The House of Representatives entertains several budgets with differing points of view in its formation of a budget resolution. By design, the budget resolution is the first step in the overall congressional budget cycle, and is to provide a comprehensive plan to Congress for addressing the government’s fiscal challenges. A budget resolution serves to outline policy goals and overall spending targets for the subsequent consideration of specific appropriations and authorization measures for agencies and programs.
Yesterday, the Republican Study Committee, a caucus of House conservatives with over 150 members, submitted its annual views. Stating that the federal bureaucracy has become “a permanent, ultra-powerful, and unaccountable administrative state that was never contemplated by the Founders,” it suggests several reforms. It takes a dark view of federal employees, stating that “this administrative state now operates outside the bounds of the Constitution, so powerful that it has come to be considered a fourth branch of the government. For the sake of our republic and the happiness of the American people, the administration of government must be reformed, lest it become permanently and fatally destructive to the securing of the rights of the citizenry.” The Caucus offers several solutions to rein in the federal workforce:
- Federal employees should be considered at-will employees, as congressional staff currently are.
- The size of the federal workforce should be reduced by attrition, by limiting new hires to one employee for every three who leaves the workforce.
- Automatic pay raises (annual across-the-board pay raise and step increases) for federal employees should be eliminated. Pay increases for federal employees should be merit-based, not automatic, and also limited to parallel pay increases in the private sector.
- Taxpayers should be protected by prohibiting union work by federal employees on official time and by ending the practice of the federal government serving as the dues collector for the unions.
- Agencies should be required to seek annual congressional approval for the expenditure of fines and user fees collected under their jurisdiction.
- Congress should utilize the Holman Rule in appropriations bills to remove unneeded positions.
- Spending limits should be put in place for federal employee conferences, and the heads of federal agencies should be required to personally approve the most expensive conferences.
You will recall that the Holman Rule is an adopted rule in the House of Representatives for the remainder of calendar year 2018 that allows amendments to appropriations (funding) measures that can reduce or eliminate the salary of, fire individual federal employees, or cut a specific program.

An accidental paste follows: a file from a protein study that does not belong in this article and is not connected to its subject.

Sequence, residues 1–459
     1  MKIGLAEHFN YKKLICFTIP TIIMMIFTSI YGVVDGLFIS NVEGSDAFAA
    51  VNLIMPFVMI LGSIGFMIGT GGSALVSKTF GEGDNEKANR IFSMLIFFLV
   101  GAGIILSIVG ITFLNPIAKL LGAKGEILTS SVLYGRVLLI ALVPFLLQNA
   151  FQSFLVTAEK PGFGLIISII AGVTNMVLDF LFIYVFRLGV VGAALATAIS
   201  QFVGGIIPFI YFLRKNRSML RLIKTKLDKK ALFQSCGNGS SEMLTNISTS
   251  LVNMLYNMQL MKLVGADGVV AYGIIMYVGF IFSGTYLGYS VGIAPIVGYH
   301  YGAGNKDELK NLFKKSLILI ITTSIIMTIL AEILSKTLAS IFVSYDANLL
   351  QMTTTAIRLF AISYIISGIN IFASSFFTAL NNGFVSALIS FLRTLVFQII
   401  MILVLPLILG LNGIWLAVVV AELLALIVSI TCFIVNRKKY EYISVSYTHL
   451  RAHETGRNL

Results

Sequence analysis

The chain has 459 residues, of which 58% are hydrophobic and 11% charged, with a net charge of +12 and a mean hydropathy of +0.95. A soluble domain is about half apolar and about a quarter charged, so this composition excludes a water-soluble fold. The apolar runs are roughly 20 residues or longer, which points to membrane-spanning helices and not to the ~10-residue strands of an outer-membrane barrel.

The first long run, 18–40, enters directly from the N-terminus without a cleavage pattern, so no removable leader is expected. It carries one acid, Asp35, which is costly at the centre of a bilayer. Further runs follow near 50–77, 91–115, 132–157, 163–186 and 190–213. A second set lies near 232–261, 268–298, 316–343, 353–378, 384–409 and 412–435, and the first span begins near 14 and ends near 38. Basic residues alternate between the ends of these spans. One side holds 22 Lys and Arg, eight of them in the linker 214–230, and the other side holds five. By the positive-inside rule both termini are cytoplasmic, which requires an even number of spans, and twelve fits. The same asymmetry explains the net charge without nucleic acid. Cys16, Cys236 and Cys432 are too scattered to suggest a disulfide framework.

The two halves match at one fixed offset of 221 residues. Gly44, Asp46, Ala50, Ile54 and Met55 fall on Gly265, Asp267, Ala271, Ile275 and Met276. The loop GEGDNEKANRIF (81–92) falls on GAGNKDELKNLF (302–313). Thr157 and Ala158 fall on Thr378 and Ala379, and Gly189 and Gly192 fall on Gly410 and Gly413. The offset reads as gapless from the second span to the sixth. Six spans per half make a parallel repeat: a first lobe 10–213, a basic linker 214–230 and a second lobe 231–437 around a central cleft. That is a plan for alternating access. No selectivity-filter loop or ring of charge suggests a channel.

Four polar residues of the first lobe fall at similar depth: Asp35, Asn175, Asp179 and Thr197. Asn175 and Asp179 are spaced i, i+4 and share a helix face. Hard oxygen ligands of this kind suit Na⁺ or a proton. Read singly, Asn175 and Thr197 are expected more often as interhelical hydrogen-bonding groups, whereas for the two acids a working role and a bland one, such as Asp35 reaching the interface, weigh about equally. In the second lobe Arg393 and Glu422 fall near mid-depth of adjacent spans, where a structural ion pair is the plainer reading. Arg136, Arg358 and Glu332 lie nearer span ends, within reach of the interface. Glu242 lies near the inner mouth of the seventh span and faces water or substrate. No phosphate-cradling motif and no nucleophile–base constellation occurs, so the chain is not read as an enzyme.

The Republican Study Committee budget also proposes several reforms to the federal employee retirement and health care system:
- The defined benefit pension would be calculated using the highest five-year period.
- The share of employee contributions to FERS should be increased over time, to more closely align with the private sector.
- The cost of living adjustments (COLA) for FERS and CSRS retirees should be reduced or eliminated.
- The Special Retirement Supplement, which provides additional benefits for retirees younger than 62 but who had a long federal work history, would be eliminated.
- The interest rate provided by the G Fund in the Thrift Savings Plan (TSP) should be reformed to more accurately reflect the yield on a short- term T-bill rate, which would essentially eliminate any earnings.
- The proposal would eliminate the existing Federal Employee Health Benefits Program and the government contribution formula for premiums, replacing it with a voucher system where individuals would receive a one-time payment to be used for the purchase of health insurance on the individual market.
While these proposals are not new, and in particular from this caucus, they join growing calls for cuts to federal spending in the wake of the recently-enacted tax reform legislation, including from mandatory spending programs such as Social Security, Medicare, and federal employee benefit programs. And, some of the specific retirement and health care proposals closely align to what the Administration has proposed to Congress in its own budget request for FY 2019.
NTEU has fought these proposals before, and we will continue to do so in order for the federal workforce to remain the best civil service in the world, and for our members’ income security.